The concept of "fresh" is one of the major trends we have seen across all types of consumer products. Consumers are looking for products that are fresh, which can mean just prepared or minimally processed. Of course, "fresh" also refers to time, meaning how old a product is. With all the recent scares regarding product contamination, it is a logical step for consumers to be extremely concerned about when a product becomes outdated.
Most perishable products on the market bear "sell by" or "use by" dates, but those dates are often quite confusing to consumers. For instance, do you know how long after the "sell by" date is okay for a product to be used? Does "use by" mean "open by," or "completely use by"? Therefore, having a clearer, more simple way of communicating to consumers when a product is past its prime makes sense, especially in category like personal care.
This lip gloss is popping
The personal care category is one that typically does not carry "best by" dates on its products. Many now do carry "period after opening" opening dates (especially after European legislation requiring it was passed), but more often a "best buy" date is not included. One only has to peruse consumer magazines that focus on fashion to find articles about when to toss your cosmetics to understand that consumers are looking for more information. For lip gloss, bacteria begins interacting with the product when the package is first opened.
The cosmetics company Cargo has long been known for its unique and eco-friendly packaging. This is the company that introduced lipstick with an outer carton that was impregnated with flower seeds. Consumers were encouraged to sow the carton, thereby recycling the board carton in their gardens and reaping the colorful benefits.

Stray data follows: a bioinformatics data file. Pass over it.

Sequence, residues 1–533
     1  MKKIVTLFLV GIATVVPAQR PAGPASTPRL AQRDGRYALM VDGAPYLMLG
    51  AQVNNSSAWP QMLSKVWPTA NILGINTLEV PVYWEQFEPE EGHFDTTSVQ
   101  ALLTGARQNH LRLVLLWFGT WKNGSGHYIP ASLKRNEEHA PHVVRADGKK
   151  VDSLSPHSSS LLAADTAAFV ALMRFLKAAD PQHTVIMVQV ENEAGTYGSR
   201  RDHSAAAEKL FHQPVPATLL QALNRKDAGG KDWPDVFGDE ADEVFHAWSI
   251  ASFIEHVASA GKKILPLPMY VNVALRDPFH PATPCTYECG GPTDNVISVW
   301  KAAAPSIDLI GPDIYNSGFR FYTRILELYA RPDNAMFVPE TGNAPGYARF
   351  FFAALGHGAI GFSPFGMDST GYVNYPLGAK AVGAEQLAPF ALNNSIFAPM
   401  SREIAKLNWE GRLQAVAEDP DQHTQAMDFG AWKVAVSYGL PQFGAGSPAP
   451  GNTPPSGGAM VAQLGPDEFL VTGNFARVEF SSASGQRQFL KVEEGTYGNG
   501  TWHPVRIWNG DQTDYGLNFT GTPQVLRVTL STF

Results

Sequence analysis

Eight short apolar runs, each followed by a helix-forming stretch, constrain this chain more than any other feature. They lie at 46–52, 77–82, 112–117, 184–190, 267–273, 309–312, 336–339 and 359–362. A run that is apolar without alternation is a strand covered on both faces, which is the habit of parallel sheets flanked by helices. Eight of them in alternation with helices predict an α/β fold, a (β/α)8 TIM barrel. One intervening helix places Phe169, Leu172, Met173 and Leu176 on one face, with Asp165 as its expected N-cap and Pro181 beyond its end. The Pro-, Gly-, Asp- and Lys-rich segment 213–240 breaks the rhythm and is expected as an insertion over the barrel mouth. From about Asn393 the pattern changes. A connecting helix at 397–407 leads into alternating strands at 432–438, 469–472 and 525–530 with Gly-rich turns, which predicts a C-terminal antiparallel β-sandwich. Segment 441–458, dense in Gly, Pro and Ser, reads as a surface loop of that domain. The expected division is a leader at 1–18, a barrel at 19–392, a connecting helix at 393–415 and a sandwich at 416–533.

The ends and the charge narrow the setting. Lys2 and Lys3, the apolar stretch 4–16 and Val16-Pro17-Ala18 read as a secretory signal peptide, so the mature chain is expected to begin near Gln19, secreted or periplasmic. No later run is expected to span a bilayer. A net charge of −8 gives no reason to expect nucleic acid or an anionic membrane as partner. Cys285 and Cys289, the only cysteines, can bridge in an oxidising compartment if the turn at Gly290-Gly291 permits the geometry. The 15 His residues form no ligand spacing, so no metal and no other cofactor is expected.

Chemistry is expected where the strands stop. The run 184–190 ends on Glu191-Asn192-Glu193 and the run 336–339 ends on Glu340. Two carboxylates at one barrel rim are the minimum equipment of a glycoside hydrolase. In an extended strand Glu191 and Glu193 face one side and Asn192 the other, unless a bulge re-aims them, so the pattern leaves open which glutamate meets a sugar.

Now the company is using something a bit more high-tech for one of its latest products, new shades of its 2009 lip gloss. The cap features Timestrip® technology to show when the gloss needs to be replaced. Timestrip is a strip that "remembers" when the product was first opened and alerts the user when using the product is no longer wise. The company says that the lip gloss should be used within nine months, and the strip will be completely red by that time. Consumers should then discard the lip gloss—and buy another one, of course!
The Timestrip smart label technology comes from a UK-based firm of the same name, which manufacturers these strips for a wide range of applications. The company says the Timestrip consists of a porous membrane through which a food-grade liquid diffuses in a consistent and repeatable way. The strip is activated when the user first inserts it into the cap, and the red color gradually makes its way from "1" to "9" months.
Consumers will certainly feel the "Wow!" when they first discover the functionality of the package, as Cargo has adopted the technology in a way that makes it virtually foolproof for consumers. Now if I only had a Timestrip on that container of unidentifiable leftovers in the back of the fridge…